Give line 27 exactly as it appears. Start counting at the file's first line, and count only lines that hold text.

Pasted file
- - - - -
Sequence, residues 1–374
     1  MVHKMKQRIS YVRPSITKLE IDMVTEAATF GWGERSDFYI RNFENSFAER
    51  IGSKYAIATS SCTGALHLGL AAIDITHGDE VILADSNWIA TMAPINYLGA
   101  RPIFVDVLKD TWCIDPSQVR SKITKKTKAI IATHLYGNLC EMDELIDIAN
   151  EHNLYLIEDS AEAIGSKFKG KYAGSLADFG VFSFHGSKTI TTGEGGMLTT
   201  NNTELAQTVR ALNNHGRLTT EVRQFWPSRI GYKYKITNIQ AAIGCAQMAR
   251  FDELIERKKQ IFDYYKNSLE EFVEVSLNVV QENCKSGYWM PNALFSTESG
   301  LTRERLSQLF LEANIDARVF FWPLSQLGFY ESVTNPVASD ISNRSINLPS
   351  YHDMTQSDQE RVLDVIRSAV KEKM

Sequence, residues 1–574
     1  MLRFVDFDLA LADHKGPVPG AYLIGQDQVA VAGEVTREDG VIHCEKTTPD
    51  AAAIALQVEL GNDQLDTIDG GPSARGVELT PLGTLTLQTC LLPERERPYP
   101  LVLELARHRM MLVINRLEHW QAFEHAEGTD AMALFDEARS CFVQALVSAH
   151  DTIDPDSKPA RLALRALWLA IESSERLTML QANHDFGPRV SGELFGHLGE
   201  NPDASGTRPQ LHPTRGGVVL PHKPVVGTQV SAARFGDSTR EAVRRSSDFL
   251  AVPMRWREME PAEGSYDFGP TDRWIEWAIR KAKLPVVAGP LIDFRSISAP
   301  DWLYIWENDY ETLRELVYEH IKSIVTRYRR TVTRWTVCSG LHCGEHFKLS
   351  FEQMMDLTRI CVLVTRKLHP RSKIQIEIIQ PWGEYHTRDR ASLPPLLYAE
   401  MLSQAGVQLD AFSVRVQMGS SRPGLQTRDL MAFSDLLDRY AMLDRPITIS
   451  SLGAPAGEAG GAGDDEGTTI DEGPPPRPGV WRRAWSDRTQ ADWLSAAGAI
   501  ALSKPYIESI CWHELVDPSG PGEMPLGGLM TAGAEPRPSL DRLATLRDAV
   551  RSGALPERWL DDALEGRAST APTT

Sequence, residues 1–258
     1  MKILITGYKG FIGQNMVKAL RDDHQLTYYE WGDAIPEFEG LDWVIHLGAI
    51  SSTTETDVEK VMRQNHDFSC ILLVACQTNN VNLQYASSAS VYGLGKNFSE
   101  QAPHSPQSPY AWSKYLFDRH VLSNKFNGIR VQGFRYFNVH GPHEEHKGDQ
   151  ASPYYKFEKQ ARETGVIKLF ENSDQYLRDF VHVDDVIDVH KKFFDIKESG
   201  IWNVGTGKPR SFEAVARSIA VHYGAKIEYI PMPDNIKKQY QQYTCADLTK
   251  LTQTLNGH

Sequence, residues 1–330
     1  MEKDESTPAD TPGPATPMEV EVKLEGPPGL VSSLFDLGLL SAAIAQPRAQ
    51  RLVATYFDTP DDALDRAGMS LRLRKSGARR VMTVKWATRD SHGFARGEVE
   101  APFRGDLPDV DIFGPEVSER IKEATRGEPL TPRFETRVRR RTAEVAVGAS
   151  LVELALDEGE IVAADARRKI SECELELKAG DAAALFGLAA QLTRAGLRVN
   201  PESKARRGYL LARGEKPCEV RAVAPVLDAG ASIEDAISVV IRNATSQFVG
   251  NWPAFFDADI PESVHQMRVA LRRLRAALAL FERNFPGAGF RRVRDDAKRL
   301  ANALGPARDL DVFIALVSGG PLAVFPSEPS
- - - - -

   151  ASPYYKFEKQ ARETGVIKLF ENSDQYLRDF VHVDDVIDVH KKFFDIKESG